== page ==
Chris Penrose, senior vice president, internet of things solutions, at AT&T speaks about the telecommunication company’s role in the auto industry, the business opportunities to come from driverless cars and the need to keep connected vehicles safe.

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AT&T’s Penrose says CIOs’ first question is always about security (Photo: AT&T)

For AT&T, the connected car is at the center of the US telecommunications group’s plan to play a leading role in the transformation of the auto industry. The company provides connectivity to many of the world’s largest passenger-car and truck brands and the number of vehicles connected through its networks is growing rapidly. Chris Penrose has been with the company more than 25 years and has worked in its mobility division since 2005.

How important is the auto industry to AT&T?

Connected cars is one of our biggest and longest standing verticals. We have focused very heavily on what will make connected cars a reality and we’re not just looking at the automakers, but are also asking the question: What do consumers get when they are connected? With connectivity, the auto industry is now seeing an opportunity to improve the car over time, rather than thinking it was perfect out of the factory gate. The car gets improved through over-the-air updates, it can provide maintenance information, diagnostics can be improved to make a car better.

And how is AT&T positioned in the automotive transformation now in progress?

We have more than 18 million connected cars in our networks around the world, and we are adding about 1 million to 1.5 million new cars every quarter. We have relationships with about 25 different automotive brands and that list is growing.

How competitive is your offering in this crowded field?

We are one of the early founders of the global SIM technology that allows automakers to embed connectivity in the vehicle. We can activate connectivity in any location, which means you can roam in multiple networks. We can even re-credential a connection to make it look like you are using a local-carrier SIM. That simplicity has really resonated. We can also split billing between the automaker and the customer, charging each for a particular data set. This was a big request from the auto industry and we were the first to build this technology.

Are you also getting involved in the software, in the data capture and analytics that will play such a key role with autonomous vehicles?

We offer platforms that enable us to do complete activation flows for dealers and for individual consumers. We can work with them to take the data off the vehicle and share that data with other parties. Fleet vehicles provide a lot of data, including location, braking, acceleration or the time a vehicle is being used. We are also involved in the smart city environment with vehicle-to-vehicle and vehicle-to-infrastructure communication.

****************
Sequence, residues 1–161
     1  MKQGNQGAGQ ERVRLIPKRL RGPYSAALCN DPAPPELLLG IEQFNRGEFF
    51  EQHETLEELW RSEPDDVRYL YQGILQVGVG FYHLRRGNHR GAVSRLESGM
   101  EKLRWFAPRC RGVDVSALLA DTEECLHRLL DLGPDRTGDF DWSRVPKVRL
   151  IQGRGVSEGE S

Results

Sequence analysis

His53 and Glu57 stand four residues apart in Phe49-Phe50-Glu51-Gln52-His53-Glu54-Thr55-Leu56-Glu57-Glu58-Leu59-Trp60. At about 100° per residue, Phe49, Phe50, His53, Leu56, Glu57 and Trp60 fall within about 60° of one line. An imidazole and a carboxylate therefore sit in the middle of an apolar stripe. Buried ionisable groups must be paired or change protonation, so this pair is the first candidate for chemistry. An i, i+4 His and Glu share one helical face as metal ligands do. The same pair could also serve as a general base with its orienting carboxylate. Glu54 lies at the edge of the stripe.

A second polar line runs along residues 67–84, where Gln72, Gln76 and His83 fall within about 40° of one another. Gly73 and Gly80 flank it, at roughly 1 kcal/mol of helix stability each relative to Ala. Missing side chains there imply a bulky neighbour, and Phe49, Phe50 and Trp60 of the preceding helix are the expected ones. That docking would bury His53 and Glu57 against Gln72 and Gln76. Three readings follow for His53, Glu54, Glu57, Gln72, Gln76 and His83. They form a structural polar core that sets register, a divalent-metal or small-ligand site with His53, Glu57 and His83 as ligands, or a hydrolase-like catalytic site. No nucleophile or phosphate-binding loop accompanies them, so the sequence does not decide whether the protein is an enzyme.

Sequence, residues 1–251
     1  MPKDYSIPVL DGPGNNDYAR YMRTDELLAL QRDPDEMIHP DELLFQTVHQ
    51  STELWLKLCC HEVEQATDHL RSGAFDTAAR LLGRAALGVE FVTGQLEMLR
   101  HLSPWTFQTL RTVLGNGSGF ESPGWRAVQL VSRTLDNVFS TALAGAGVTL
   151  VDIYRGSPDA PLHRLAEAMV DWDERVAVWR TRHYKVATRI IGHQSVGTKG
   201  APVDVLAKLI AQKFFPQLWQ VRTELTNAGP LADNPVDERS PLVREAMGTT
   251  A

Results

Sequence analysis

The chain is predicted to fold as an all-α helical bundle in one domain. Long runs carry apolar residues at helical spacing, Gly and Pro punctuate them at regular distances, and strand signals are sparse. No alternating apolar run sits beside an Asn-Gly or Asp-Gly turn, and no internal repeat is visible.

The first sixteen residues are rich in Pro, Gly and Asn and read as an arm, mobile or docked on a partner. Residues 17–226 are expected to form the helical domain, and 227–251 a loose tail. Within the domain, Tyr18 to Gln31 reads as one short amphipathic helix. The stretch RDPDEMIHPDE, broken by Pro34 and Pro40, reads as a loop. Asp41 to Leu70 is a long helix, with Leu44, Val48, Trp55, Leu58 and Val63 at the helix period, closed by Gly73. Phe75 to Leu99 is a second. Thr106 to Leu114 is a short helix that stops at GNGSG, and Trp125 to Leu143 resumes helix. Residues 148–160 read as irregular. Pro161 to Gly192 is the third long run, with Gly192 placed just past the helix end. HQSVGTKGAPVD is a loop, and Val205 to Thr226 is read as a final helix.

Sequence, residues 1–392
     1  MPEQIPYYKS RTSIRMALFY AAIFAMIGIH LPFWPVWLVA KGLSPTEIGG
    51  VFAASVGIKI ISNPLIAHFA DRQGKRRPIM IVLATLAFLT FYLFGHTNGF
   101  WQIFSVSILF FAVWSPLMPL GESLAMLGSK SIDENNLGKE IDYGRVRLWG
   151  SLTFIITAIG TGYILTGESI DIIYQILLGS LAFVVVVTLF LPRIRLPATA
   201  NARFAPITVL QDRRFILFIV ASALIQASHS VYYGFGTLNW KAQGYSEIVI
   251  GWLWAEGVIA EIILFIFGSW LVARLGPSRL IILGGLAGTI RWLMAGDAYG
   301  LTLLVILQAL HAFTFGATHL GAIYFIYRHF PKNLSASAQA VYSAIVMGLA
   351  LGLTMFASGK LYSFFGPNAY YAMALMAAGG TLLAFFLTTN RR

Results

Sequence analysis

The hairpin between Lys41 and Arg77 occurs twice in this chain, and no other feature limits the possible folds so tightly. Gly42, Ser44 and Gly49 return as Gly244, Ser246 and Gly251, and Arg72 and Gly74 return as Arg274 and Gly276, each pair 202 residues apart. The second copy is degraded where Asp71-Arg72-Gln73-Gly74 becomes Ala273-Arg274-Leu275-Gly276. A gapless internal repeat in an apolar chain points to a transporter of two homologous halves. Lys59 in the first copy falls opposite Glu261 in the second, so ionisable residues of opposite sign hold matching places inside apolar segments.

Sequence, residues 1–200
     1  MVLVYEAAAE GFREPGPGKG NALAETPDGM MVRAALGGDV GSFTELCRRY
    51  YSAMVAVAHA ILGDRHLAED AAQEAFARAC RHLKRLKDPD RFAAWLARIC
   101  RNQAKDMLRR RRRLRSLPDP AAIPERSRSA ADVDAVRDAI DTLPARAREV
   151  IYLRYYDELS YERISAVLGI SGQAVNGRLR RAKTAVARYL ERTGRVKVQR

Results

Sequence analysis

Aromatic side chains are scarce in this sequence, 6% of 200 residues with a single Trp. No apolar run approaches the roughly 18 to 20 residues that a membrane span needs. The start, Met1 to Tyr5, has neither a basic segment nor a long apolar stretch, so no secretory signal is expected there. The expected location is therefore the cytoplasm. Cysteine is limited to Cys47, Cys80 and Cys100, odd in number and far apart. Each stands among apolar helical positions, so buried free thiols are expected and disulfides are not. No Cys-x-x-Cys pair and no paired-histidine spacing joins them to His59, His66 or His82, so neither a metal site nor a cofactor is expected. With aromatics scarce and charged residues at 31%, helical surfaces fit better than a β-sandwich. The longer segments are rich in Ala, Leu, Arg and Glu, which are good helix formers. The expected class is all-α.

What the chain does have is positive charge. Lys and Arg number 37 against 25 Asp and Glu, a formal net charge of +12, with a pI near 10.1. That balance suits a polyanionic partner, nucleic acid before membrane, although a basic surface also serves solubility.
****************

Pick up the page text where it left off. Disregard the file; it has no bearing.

Can you provide some specific examples of what you do with automotive data analytics?

We have different relationships around data analytics but the collaboration with CarForce is the first one that specifically covers this area. Carforce builds a car maintenance platform with predictive functions. We also work with IBM, taking data off IoT devices and pushing them to their platforms that use Watson for analytics. An adjacent area is where we track the health of assets in real time. These assets could be jet engines, connected coolers or vending machines. We have worked with automakers to create health scores for assets in the field.

And where do you see your role in autonomous driving?

Autonomous is the next thing in the space. We sponsor the American Center for Mobility, a proving ground for autonomous vehicles in Michigan. We are the exclusive network provider for that facility and we are going to put in all of the existing network technologies as well as 5G in the near future.

Who are your main automotive customers? Manufacturers or fleet managers?

Both, really. And we also work with Tier 1 automotive suppliers. At the Mobile World Congress in Barcelona we announced a partnership with Geotab for fleet solutions. Geotab is using AT&T connectivity in all the fleet devices it is creating.

And how do you approach security in the connected world?

The number one question every CIO asks me when we start talking about connecting things is what they have to do to secure everything. We design everything with security involved. We first look what you need to do on the physical device to make sure it is as secure as possible? The second layer is at the network level. The question there is how do you ensure that data that move off the device into the cloud and other database environments doesn’t touch the public internet and is secure end-to-end.

Where do you see particular vulnerabilities for the connected car?

The key question is: How do you set up an environment where data is automatically blocked if it isn’t coming from a specific, pre-approved location. That helps a lot against outside penetration. You cannot allow an entity that hasn’t been pre-approved to have any kind of conversation with the vehicle. You also have to build an architecture that separates the infotainment cluster from the control of vehicle operations. It is really important to have two different environments in the car.